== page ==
Loneliness or solitude? The case for being alone

Being alone can sometimes feel pleasurable. A good book, some quiet time to ourselves, just us and our thoughts, away from the hustle and bustle of daily work and social obligations. But, other times, it can feel isolating. We are not simply alone, we are lonely. Why is it that being alone can lead to such dramatically different experiences?

The difference between loneliness and solitude

While loneliness and solitude share their basis into the same fundamental experience, the way we interact with this experience gives rise to two different mental states.

Loneliness is a common but uncomfortable human emotion. Loneliness is the subjective experience in which a person is alone and which produces a feeling of desolation. When fleeting, it’s perfectly fine to feel lonely. It can be a way to process some feelings, which can be difficult but necessary.

However, when loneliness becomes a constant feeling, it can actually be harmful to your health. A review of the research literature suggest that loneliness increases mortality risk by 26%.

And the experience really hurts. We are social animals and we need to feel that we belong. Researchers have found that pain from loneliness and social rejection activate the same parts of the brain as physical pain.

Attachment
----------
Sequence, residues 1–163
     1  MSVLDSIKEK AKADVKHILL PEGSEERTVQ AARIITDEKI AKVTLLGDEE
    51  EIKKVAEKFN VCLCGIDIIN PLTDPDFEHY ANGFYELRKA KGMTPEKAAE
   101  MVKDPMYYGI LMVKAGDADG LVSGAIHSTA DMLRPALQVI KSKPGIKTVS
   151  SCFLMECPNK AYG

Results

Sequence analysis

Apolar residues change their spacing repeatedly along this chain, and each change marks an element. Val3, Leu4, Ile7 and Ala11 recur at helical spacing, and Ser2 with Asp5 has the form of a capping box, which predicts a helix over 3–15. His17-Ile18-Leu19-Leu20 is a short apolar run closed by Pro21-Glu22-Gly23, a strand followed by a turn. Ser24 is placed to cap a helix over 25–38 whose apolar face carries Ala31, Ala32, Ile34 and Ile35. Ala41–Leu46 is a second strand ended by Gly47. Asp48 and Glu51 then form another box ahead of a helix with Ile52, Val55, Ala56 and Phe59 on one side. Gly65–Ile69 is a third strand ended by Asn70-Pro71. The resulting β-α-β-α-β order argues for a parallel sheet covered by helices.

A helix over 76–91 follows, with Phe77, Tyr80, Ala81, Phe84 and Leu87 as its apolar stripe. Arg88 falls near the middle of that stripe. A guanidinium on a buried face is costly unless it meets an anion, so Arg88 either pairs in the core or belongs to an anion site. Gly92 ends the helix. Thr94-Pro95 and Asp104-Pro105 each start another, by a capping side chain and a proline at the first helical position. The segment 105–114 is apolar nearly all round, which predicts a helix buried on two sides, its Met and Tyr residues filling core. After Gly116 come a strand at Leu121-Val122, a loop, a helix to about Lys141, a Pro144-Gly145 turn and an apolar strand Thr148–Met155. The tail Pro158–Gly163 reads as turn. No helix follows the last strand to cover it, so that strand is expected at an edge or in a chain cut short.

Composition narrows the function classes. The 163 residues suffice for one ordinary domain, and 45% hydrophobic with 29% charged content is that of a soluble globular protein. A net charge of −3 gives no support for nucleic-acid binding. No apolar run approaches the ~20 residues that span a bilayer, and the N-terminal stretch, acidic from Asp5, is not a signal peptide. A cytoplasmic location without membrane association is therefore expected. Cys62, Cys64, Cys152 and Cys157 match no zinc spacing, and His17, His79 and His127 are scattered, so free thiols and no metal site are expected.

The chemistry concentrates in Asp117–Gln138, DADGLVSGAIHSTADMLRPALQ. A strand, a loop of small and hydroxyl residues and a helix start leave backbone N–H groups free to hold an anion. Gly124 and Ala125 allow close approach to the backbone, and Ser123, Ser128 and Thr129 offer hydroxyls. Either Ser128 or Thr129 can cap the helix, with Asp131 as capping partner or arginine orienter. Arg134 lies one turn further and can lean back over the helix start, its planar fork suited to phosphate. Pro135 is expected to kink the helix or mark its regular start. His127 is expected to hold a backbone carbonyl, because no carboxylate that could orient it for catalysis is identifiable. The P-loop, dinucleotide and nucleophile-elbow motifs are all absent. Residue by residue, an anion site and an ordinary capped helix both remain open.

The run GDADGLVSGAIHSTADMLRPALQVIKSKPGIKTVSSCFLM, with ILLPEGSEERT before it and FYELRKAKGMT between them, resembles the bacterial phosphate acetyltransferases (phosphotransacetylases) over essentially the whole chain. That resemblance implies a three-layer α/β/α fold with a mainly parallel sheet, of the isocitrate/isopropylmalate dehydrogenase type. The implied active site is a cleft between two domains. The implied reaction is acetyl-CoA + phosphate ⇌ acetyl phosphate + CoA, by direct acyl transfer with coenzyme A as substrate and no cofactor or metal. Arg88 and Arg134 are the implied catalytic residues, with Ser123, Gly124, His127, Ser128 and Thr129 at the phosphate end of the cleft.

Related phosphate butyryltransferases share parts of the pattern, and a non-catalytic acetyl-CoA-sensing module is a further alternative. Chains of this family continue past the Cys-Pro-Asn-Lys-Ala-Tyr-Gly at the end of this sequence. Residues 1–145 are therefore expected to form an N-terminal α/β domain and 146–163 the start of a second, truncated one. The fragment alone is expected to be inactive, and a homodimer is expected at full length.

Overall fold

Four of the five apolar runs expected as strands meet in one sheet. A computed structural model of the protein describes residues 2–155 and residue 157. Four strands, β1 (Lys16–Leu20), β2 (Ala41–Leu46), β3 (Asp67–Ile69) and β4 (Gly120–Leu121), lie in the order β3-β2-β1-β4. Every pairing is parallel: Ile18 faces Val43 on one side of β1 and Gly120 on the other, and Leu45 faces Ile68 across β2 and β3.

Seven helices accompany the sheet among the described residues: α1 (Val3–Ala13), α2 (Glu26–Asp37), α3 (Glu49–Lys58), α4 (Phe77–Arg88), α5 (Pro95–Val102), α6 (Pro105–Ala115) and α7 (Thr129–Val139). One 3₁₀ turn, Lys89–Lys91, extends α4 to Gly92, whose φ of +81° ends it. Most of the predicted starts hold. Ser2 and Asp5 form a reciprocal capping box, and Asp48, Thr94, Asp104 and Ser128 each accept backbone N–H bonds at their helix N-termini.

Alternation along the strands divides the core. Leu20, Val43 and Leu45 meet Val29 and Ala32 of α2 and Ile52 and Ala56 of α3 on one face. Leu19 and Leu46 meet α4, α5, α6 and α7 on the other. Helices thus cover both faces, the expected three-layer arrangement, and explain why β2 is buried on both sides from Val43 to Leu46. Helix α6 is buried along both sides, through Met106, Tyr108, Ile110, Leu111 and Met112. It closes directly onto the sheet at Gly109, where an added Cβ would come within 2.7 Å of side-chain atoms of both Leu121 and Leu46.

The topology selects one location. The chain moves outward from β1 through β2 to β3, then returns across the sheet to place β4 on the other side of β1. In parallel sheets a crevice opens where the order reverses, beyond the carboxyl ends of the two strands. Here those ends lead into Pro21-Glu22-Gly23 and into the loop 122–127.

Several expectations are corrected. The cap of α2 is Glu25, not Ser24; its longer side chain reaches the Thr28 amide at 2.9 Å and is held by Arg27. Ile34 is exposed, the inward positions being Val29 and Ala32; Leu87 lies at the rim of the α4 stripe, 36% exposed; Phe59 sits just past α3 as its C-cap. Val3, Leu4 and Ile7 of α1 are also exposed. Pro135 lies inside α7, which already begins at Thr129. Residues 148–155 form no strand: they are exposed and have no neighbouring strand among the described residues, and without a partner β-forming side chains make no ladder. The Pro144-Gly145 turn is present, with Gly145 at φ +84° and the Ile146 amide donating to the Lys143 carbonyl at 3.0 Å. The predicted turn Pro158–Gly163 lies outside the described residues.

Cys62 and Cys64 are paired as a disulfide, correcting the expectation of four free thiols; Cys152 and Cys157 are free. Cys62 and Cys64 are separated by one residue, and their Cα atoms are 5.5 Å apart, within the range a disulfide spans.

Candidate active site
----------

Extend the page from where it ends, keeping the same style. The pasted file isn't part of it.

“Why do people have to be this lonely? What’s the point of it all? Millions of people in this world, all of them yearning, looking to others to satisfy them, yet isolating themselves,” wondered Haruki Murakami in one of this novels. Isolation is the key word here: loneliness is a sense of isolation that can persist even when other people are present.

That’s why knowing more people will not alleviate feelings of loneliness. It has become a common trope — but a true one — to say that we’re more connected but also more lonely than ever. The rates of loneliness have doubled in the United States in the last fifty years only. Scientists speak of a loneliness epidemic.

In contrast, solitude is just the state of being alone. The concept of solitude doesn’t have any negative feelings attached to it. Which is why it can actually be enjoyable, or just neutral.

There is a wonderful poem by Robert Duncan called “Childhood’s Retreat” which perfectly captures the beauty of solitude:

It’s in the perilous boughs of the tree
out of blue sky the wind
sings loudest surrounding me.
And solitude, a wild solitude is revealed,
fearfully, high I’d climb